A digital signature is used to prove the origin and validity of data. If you want to broadcast a message and prove that the message came from you, you can sign that message with a private cryptographic key to produce a digital signature. You can then broadcast the message, with the digital signature, in such a way that others will be able to validate that only someone in possession of your private key could have sent that message. Bitcoin uses this functionality on transactions. All transactions must come with a valid digital signature to prove their origin and be entered into the blockchain.
A cryptographic hash is used as a unique identifier of data. Data can be run through a hashing algorithm producing a unique identifier for that data that can not be reverse-engineered. If you have a hash you can not determine what data was used to produce that hash. However, if you have both the data and the hash you can very quickly validate that the hash matches the data. Very simple, but impactful. While we won’t dive into the details here, the asymmetry in this functionality is fundamental to how Bitcoin “mining” works.
The cryptographic functionality that we are generally most familiar with is encrypting data. Encryption scrambles data in such a way that it can only be decrypted and read by the entity in possession of a certain key. As everything that happens on the Bitcoin network is public, the software doesn’t really have use for this functionality.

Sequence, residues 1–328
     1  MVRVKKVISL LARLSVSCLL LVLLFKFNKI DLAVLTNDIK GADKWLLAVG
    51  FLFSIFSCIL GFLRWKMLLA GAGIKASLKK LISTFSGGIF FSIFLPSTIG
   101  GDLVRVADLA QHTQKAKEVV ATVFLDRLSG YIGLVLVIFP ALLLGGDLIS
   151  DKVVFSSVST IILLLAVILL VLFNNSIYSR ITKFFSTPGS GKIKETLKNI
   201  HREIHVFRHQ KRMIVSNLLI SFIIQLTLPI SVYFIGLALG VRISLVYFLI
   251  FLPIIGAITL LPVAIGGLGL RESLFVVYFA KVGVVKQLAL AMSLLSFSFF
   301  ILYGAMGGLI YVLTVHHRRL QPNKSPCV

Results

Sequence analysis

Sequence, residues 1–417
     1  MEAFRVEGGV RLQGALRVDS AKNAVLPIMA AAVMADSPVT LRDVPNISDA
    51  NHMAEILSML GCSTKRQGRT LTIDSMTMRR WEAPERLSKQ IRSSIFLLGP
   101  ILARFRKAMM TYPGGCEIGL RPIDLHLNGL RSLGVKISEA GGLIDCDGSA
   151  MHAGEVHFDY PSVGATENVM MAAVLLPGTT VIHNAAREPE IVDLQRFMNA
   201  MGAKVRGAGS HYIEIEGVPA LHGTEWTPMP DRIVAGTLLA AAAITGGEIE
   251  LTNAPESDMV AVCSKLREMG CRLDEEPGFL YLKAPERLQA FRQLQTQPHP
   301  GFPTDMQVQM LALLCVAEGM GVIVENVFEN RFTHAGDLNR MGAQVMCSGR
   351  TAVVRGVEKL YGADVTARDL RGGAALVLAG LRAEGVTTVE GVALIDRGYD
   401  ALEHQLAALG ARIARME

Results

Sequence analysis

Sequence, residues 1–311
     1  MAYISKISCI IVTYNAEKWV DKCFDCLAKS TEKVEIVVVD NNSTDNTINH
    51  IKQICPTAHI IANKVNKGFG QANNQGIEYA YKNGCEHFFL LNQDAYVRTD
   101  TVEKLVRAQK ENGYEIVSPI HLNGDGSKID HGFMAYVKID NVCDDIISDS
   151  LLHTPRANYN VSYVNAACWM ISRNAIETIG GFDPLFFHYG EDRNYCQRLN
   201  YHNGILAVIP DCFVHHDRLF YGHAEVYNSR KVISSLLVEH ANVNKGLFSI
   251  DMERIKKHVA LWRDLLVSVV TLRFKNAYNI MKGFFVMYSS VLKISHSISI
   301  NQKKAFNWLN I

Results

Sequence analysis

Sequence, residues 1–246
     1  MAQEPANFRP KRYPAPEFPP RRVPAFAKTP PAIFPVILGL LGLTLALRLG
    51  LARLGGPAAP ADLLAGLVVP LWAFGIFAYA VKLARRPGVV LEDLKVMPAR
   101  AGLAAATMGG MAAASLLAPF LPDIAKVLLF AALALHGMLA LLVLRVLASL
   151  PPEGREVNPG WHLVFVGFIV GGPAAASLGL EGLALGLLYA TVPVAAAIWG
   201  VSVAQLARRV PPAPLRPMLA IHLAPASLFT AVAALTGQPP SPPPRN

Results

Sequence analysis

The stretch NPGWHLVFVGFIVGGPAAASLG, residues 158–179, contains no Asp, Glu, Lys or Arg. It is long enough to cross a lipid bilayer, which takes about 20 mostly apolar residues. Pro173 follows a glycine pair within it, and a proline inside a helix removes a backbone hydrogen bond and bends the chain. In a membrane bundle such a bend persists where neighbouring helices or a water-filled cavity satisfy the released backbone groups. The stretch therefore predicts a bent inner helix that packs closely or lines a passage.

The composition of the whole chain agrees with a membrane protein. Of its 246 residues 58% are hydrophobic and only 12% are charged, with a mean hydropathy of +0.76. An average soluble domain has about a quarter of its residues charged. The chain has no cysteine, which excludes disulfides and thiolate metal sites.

Visualization of encrypting vs signing vs hashing…
In summary, there are two primary cryptographic functions that are used in the Bitcoin blockchain:
- To “sign” transactions thus proving the authenticity of the transaction data.
- To “hash” data thus creating a unique identifier of that data.
There have been many, many developments in blockchain tech in the 11 years since its inception. There are now some very interesting tools for anonymizing or obscuring data on a blockchain, but these have been additions to the base functionality.
The entire system was built for the purpose of sharing and agreeing upon data. This is the core of its functionality. While it may be possible to retrofit some privacy into a blockchain system, I recommend being very cautious of any attempts to do so. At its core, blockchain is a tool for collaborating on shared, public, data.
To understand why Bitcoin is all about sharing and collaborating on public data you’ll need to understand “the double-spend problem”, which is explained in the blockchain mechanics video.
Myth: A blockchain can control ‘real world’ items
I run across this misconception most commonly when discussing smart contract related projects. Whatever smart contract platform you want to use, your smart contract can only control what is “lives” on that blockchain. There remains a very big problem of feeding accurate “real world” data to your smart contract and this will very likely be the weakest point in your smart contract system.
We often call this “the oracle problem”, or use the term “garbage in, garbage out”.
Let me give you an example of how this can be a problem. I had a team of MBA students working on a blockchain business plan. They wanted to create a smart contract based sports betting system. Blockchain tech has some advantages in this situation, specifically “immutability” (you can’t edit a smart contract and so no one can back out of the bet), and automatic execution.